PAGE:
We are a small company based in Canada. We do just about everything IT: proactive work (such as network maintenance), monitoring of critical systems, emergency work (IT fixes, available 24 hours a day, 7 days a week), new user set-ups, procurement of hardware and software (at a discount through our top vendors), consulting work (which can be anything from upgrading all 100 of your Windows computers to Macs, or something simple like what open-source software alternatives would we recommend instead of Photoshop).
We are also offering services in a new area called Green IT. It is all about transforming the way IT is used to help cut down on energy use and waste. Solutions could include datacenters with virtualized servers, remote access of datacenters (to keep the systems in a stable environment), or sending software electronically to eliminate packaging waste. We want to get more into this area!
Small to medium sized business in our city and the surrounding areas. (Note: we do provide support to branch offices of our customers across Canada.)
We seem to attract a lot of non-profit (environment, research, health) and financial/accounting clients. I believe we aimed more for non-profits when the company was first started, both because of the President’s contacts in that sector and also because they easier to access than other businesses and they have formed a tight knit community in our city. The issue with non-profits is that, because of their tight usually government-controlled budgets, we’re in a constant struggle to get paid for our extensive work.
Our clients are typically not technically-oriented. Companies are both B2B and B2C, ranging in industry from financial and accounting services to commercial real estate, health care services, non-profits, and some retail.
We’d like to aim for businesses with younger staff that understand technology and can appreciate the need for IT, as well as the critical nature of technology services in relation to their business operations. But it has proven to be hard… which leads me to…
Biggest PR/Marketing Challenge:
We charge hourly for consulting, project hours and support time; the hourly price is lower with a contract than without a contract, where we would come out and do things on a case by case basis. It’s difficult to convince SMBs that our services are worth the amount we are charging – however, to draft a legal document, they’re more than willing to a pay a top notch lawyer $500/hour. If your IT services – your computers, your printers, your network, your data – are done incorrectly, you’re out of business. Customers view IT issues as a pain (ie. my email is down again) instead of as a critical part of their business (ie. without IT, we can’t function as a company).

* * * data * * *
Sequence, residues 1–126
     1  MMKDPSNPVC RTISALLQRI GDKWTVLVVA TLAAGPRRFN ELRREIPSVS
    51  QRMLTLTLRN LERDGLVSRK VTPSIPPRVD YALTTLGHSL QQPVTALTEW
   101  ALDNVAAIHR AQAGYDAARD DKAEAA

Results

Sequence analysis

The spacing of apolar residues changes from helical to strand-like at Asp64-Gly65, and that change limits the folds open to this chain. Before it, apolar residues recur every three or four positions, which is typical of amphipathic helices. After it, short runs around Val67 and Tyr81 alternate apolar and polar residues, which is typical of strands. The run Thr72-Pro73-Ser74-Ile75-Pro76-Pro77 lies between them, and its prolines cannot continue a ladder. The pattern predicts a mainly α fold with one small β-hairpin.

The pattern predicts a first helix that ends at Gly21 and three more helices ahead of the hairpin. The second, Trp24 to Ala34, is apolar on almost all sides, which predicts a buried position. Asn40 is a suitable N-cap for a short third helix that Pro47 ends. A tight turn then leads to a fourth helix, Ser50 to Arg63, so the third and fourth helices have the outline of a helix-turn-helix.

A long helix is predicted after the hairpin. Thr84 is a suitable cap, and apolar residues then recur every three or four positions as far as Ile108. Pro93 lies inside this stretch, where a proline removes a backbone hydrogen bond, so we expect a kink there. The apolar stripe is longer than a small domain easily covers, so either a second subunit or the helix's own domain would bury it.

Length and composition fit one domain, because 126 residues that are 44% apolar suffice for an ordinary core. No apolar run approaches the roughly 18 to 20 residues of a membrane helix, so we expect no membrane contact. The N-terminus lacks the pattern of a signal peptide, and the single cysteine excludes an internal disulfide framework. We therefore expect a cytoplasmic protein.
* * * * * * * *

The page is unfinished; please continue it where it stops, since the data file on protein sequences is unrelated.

Customers just don’t always understand the value of IT services.
Our monthly support contract covers just about everything “IT”. Then on top of that, say you’ve signed up for a 10 hour contract for support – we don’t just send a bill at the end of the month: we send you a full report of every single minute of work that was done for your company and what was accomplished. We log every incident and track all time and documentation within our Helpdesk. And because we’re a small company at heart (growing now; we’ve doubled our size in the past 2 years), we do give great customer service – our clients know us and they know if something goes horribly wrong with their email at 3 in the morning, they can reach us with one phone call.
Main Marketing/PR Goal:
1. Help our current clients understand why our services are worth the price tag. This may be an inherent problem in the industry (it’s known that IT is on average never properly budgeted for), but EDS and other huge IT corporations don’t seem to have a problem. We want them to see us as a partner for their business, not just an “IT repair service”.
2. Bring in clients who understand the importance of IT services already, and get them to pick us above our competitors for our value-added work.
How we would like BrandingWire to help us:
I feel like we’re too entrenched in the technology/service provider perspective to understand how our clients and potential clients really see IT. Hopefully BrandingWire can help us see our company from a purely marketing perspective. Our company is great – we just need to get that idea out there to our current clients and to those that have yet to hear about us.
1. First things first: Build a KILLER website. Make it fresh. Pick crisp, bright organic colors. Give your website a color scheme and structure that convey the fact that by hiring you, your clients are hiring the very best in the business and their lives are about to become a whole lot more pleasant. List the menu of services clearly on the main page, but keep the text areas to a minimum. Take some pointers from luxury consumer goods websites. Think fashion-oriented brands. Look at your competitors’ websites, and do the EXACT OPPOSITE. You don’t want to distract your potential clients with a whole lot of boring copy and overused keywords. Instead, please their brains with clean structure and appealing colors, while giving them an uninterrupted list of what you will do for them. (Then make it super easy for them to navigate the site and find out what your story is on their own terms.)
Your objective here is to a) differentiate yourselves from the hundreds of other typical IT companies out there that all look, sound and feel the same, and b) inspire not only confidence, value and professionalism, but excitement about your company. (We’ll come back to that.)
2. Don’t just present yourselves as an IT company (the answer to IT problems). That’s already implied. Everyone gets it. Instead, take it a step further and present yourselves as the answer to other IT companies. Be easier to work with. Be less geeky. Be less boring. Be less in the way. Become every mid-sized company’s “no hassles” IT partner. Don’t hesitate to tell your potential clients “Look, you don’t need to worry about the IT stuff anymore. We have it handled. Go take care of your business. ;)”
It probably wouldn’t hurt to schedule regular meetings with some of the principals to make hardware and software recommendations, but be careful not to turn into salesmen. Be advisors. This type of endeavor can’t be self-serving, or it will backfire. If you want to be seen as more than an IT repair service and more as an IT partner, become more involved in the shaping of your clients’ tech infrastructure.